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Energy overcharging ‘costs us £50 a year’

Thermostat control with pound signLabour claims that consumers are losing out because energy companies buy overpriced electricity from their own subsidiaries.

Opposition politicians claim that overcharging by energy companies has cost the average family £50 a year since 2010.

Labour has this week said that the total extra cost of excessively high prices over the past three years could be almost £4 billion.

‘Paying over the odds’

The party said that the UK’s leading energy firms have been buying electricity at above the market price.

Caroline Flint, Labour’s shadow energy minister, said that the companies had deliberately paid over the odds because in many cases they also run the power-generating firms.

"These figures reveal the full extent of the way consumers have been overcharged for their electricity," Flint said.

Blame on wholesale costs

"Energy companies always blame wholesale costs when they put up bills, but it now looks like they’ve deliberately inflated prices to boost profits from their power stations.

"The regulator Ofgem has serious questions to answer about why it has failed to monitor the way in which companies have bought electricity from themselves.

"And why it has allowed these companies to overcharge their customers."

Labour said it wanted the major suppliers to be split up into smaller units.

Flint added: "The time has come for a complete overhaul of our energy market.

Break-up of big energy firms?

"Labour will break up the big energy companies, put an end to the secret deals and force them to do all of their trading on the open market."

However trade body Energy UK, which represents the country’s gas and electricity suppliers, said that Labour’s figures did not give a fair picture.

A spokesman added: "Energy suppliers pay the most competitive price they can for the gas and electricity they purchase.

"The overall costs of wholesale energy, published by Ofgem from the segmented accounts it gets from the large energy companies, include a number of costs so are not purely market prices.

‘Not a true picture’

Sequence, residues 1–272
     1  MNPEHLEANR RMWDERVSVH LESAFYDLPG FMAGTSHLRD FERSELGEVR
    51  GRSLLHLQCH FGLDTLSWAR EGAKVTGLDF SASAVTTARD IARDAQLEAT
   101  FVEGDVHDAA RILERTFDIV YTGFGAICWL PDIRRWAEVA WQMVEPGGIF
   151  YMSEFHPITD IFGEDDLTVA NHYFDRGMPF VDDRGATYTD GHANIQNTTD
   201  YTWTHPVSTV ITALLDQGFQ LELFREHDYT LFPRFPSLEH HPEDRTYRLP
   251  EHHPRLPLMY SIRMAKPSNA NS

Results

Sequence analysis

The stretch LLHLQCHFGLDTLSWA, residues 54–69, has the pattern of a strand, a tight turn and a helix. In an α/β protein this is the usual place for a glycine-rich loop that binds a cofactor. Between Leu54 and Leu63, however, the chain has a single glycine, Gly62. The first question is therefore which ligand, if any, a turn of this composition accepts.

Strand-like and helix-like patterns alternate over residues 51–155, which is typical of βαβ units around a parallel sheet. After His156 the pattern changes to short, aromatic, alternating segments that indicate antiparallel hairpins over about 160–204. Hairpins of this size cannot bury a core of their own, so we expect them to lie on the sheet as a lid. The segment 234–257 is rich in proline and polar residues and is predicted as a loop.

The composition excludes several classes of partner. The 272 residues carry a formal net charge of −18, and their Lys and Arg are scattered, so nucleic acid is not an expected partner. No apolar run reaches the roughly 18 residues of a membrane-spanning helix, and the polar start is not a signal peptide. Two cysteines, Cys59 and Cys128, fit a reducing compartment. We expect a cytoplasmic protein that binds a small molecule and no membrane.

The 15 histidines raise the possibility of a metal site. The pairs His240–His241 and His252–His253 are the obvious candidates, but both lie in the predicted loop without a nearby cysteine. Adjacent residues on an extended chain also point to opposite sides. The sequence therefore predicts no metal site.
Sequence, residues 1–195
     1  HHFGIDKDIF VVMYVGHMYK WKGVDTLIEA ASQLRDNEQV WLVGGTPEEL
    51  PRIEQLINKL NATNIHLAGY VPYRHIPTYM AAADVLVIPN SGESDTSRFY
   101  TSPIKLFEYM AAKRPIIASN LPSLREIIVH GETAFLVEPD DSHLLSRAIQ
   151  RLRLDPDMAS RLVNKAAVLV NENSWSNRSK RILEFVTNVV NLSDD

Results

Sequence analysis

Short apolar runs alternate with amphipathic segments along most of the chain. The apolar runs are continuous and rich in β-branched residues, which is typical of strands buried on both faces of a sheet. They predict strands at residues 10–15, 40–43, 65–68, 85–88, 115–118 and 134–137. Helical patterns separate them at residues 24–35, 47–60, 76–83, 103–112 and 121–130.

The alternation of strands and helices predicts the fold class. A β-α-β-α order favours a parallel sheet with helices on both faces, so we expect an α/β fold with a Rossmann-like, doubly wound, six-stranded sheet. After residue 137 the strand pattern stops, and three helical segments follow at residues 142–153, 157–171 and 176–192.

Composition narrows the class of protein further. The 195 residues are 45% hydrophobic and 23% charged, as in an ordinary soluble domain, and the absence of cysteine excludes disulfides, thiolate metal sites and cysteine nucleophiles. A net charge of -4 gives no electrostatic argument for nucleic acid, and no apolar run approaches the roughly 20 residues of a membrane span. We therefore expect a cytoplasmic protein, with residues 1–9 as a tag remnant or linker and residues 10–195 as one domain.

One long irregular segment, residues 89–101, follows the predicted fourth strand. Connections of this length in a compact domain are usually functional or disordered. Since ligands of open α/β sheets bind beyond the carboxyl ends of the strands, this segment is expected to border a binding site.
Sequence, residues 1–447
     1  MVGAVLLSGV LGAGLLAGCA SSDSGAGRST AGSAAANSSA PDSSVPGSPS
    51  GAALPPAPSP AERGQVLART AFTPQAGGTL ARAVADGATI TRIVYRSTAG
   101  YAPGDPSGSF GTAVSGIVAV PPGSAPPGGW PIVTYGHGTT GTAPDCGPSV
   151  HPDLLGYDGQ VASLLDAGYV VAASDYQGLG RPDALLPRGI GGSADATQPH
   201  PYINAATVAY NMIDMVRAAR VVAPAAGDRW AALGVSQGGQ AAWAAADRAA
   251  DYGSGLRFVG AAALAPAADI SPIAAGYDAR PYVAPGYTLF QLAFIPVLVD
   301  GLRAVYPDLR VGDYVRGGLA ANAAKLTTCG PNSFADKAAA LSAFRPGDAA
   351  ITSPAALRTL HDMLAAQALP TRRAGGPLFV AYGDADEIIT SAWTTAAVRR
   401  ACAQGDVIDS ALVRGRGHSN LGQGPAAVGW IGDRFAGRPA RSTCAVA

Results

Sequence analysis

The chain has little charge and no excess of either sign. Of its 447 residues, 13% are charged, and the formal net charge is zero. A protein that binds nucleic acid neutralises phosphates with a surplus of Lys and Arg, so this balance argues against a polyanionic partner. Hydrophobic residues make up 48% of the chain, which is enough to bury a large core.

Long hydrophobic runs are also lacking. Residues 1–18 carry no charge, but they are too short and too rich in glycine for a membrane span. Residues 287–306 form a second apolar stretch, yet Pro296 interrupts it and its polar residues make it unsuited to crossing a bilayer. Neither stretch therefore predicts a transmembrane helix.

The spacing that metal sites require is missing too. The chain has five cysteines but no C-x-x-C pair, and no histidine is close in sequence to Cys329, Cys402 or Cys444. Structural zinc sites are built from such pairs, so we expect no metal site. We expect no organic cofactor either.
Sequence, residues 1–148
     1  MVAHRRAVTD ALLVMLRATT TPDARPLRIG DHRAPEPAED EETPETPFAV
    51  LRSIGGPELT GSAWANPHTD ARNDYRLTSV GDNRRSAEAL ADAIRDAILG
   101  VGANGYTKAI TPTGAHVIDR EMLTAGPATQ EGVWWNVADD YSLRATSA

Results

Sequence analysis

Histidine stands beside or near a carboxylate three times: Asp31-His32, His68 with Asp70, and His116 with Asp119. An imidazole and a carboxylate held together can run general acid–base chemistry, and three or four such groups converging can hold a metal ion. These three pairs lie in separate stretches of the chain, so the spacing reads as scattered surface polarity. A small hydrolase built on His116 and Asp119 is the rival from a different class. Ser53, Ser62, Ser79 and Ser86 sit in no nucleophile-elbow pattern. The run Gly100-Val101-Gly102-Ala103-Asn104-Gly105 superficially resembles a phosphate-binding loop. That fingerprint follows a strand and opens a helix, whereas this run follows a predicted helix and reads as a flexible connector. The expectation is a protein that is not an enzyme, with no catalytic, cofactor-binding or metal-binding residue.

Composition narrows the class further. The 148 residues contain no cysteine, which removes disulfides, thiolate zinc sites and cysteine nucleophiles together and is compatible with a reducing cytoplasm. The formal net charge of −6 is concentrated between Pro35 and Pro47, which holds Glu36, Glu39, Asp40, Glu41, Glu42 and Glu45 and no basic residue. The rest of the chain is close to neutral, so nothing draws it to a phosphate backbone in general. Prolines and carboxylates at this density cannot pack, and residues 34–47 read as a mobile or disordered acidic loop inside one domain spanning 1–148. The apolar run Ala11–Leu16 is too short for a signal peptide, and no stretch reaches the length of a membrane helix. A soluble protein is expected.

"Also, as suppliers buy their energy ahead so it’s there when customers want and need it, averages in this area don't give the true picture."

There was good news for consumers this week, however, as Ofgem’s rules on making energy tariffs easier to understand came into effect.

Suppliers can now only offer four different gas and electricity tariffs.

Each must have a single unit rate, with an optional standing charge on top.

Reforms to add clarity

From the end of March, further reforms mean that providers will have to tell customers which of their tariffs is cheapest, and how much they could save by switching to it.

Kate Rose, head of energy at, said: "The changes that have come into effect this week will no doubt go a long way to helping consumers feel less daunted by the process of choosing a new tariff.

"However there is still more to be done and while the changes will help, some of the changes due to come in to effect in March may result in households missing out on the larger savings achievable through switching.”

She explained: "The best way to ensure you are on the cheapest tariff remains to use a comparison site that compares the whole market.

"This is because the largest savings can sometimes be achieved by not just switching tariff but switching to a new supplier."

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Chris Torney

Chris Torney

Chris is the former personal finance editor at the Daily Express. He's been a journalist for more than 10 years and contributes to a wide range of finance and business titles.Read more from Chris